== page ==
“There’s no cure for hot and cold.” -Trungpa Rinpoche
I’m someone who gets seriously twitchy when I hear people talk about how they have 564 unread emails in their inbox or a sink full of three-day old dishes. I feel the need to take care of these trivial things the second that they come up, and having them waiting in the wings—unattended—leaves me entirely too anxious.
Although this OCD urge can be annoying, it makes me feel better knowing it’s taken care of “just in case” something else should come up. I feel it’s one way I can (kind of ) control the unpredictable nature of things.
For the most part, these behaviors are harmless. But what about the things that I—or you—do that sometimes create the uncomfortable things that we try to escape?
Anything done to excess becomes a way to numb out discomfort. While for some it might be drinking, shopping, etc., it’s no secret that for me those behaviors are exercise, routine and isolation.
When I get uncomfortable with something, my instinct isn’t to sit back and evaluate why I want to escape, but rather to simply escape. Quickly. I associate these routines with relief, but the problem is it’s never enough. Once that high is gone, I’m dissatisfied again and it becomes harder to sit with the most fleeting feelings of discomfort.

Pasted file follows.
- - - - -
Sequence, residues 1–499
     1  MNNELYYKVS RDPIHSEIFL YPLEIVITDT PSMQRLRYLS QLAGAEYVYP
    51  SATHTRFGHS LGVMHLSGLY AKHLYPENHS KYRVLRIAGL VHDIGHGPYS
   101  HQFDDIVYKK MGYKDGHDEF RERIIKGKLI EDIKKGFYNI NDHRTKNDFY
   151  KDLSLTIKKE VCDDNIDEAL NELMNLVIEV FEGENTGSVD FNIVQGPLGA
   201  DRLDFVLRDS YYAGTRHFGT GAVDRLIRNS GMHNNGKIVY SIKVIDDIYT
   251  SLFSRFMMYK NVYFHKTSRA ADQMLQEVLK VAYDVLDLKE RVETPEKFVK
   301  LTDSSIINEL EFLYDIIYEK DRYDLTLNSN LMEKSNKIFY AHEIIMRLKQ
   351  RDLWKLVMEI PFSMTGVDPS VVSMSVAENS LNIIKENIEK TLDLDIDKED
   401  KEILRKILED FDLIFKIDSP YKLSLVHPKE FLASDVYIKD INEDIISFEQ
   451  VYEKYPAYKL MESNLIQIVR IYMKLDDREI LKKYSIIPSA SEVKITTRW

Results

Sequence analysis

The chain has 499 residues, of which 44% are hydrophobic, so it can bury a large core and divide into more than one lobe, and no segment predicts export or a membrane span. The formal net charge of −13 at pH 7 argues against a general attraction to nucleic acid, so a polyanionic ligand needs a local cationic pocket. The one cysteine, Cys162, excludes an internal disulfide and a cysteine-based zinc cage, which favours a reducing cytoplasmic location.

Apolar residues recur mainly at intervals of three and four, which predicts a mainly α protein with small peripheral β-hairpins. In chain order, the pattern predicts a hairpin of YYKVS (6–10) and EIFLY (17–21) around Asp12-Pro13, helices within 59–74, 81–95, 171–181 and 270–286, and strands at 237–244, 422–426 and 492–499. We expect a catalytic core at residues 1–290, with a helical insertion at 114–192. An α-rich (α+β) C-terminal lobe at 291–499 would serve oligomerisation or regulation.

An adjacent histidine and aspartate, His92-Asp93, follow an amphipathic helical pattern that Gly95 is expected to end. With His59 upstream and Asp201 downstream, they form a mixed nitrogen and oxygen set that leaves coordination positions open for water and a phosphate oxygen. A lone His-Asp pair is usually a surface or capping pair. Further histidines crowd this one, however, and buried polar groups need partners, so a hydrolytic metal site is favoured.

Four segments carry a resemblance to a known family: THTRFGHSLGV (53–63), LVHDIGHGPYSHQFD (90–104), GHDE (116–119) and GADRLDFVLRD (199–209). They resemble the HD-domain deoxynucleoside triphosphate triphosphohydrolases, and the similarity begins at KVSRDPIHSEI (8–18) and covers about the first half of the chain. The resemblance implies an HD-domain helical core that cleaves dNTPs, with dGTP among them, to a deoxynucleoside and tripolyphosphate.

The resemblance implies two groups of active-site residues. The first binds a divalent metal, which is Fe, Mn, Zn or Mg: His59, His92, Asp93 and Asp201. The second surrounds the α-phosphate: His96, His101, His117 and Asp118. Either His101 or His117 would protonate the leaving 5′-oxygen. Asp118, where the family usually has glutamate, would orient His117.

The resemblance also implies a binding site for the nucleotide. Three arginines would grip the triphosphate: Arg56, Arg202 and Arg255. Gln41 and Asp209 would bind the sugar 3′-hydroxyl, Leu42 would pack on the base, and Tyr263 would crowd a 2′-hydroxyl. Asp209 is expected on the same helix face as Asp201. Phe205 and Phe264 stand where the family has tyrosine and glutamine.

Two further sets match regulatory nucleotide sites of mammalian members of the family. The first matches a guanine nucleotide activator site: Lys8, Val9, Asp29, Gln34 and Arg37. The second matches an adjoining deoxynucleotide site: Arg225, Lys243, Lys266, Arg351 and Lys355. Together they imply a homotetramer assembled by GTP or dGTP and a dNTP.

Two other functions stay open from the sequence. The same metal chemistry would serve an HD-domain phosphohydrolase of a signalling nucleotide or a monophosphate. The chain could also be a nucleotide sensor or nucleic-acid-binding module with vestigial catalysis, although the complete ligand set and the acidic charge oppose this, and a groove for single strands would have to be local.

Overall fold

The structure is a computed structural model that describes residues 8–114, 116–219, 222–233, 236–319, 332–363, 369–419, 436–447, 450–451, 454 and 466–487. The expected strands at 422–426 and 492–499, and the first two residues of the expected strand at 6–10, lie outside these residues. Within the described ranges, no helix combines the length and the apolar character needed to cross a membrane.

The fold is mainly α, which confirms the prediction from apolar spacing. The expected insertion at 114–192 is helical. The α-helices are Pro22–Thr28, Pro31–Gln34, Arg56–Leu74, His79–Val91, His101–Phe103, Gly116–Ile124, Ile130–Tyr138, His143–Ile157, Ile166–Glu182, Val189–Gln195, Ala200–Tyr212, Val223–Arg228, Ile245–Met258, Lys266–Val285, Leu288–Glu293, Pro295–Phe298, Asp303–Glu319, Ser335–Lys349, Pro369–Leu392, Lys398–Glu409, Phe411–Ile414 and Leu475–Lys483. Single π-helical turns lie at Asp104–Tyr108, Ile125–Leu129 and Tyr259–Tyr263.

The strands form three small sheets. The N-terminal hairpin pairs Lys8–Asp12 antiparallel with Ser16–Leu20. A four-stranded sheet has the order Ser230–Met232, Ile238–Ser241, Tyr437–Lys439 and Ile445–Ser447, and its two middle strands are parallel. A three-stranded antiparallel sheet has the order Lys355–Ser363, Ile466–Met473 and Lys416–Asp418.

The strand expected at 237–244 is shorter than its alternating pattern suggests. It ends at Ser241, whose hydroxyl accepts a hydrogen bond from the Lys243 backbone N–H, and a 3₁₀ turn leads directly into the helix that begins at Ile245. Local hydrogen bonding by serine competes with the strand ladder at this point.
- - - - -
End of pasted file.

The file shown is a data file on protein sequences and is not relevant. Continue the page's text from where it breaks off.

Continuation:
In other words, it’s a temporary fix for a permanent predicament—that everything’s always in flux.
And although we all come from different situations with varying levels of stress and responsibility, what we struggle against in our lives can be acknowledged as ordinary experience. People and situations are unpredictable and so is everything else.
Everybody feels the pain of not getting what they want or getting what they don’t want, and most of the time it’s not because we suck and just can’t get things right. It’s life, and we’re not the only ones who can’t keep it all together. It’s just that certain people have adopted flexibility instead of frustration.
It might not seem like it through some of my rants, but I’m getting better at this.
While I walk a very fine line between letting go of attachment and complete depressive disinterest, I’ve found that releasing myself from attachment to certain things has actually been freeing.
I don’t need much to be content, and when I take myself or others too seriously—and justify being annoyed with everything to the point that it makes me unhappy—it limits me to a narrow world of likes and dislikes and boredom. And trust me, I’ve lived there too long.
Changing behaviors that have become instinctual and comfortable — even addictive — feels completely counterintuitive to contentment. I still have those things that I do to stay “safe” and escape and I still lose my shit when my routine gets thrown out of whack.
But another version of reality will always come up and when my ideas about who I am and who others are is fixed and cemented, it keeps me from accepting this change. It creates the frustration I try to escape and the cycle of self-abuse continues.
So no, and there’s no cure for hot and cold.
But we can sit with things a bit instead of rushing to change them. We can accept flexibility instead of frustration. We can be open to what each day bring—unless that day brings a sink full of three-day old dishes.
You can bet that those suckers are clean.
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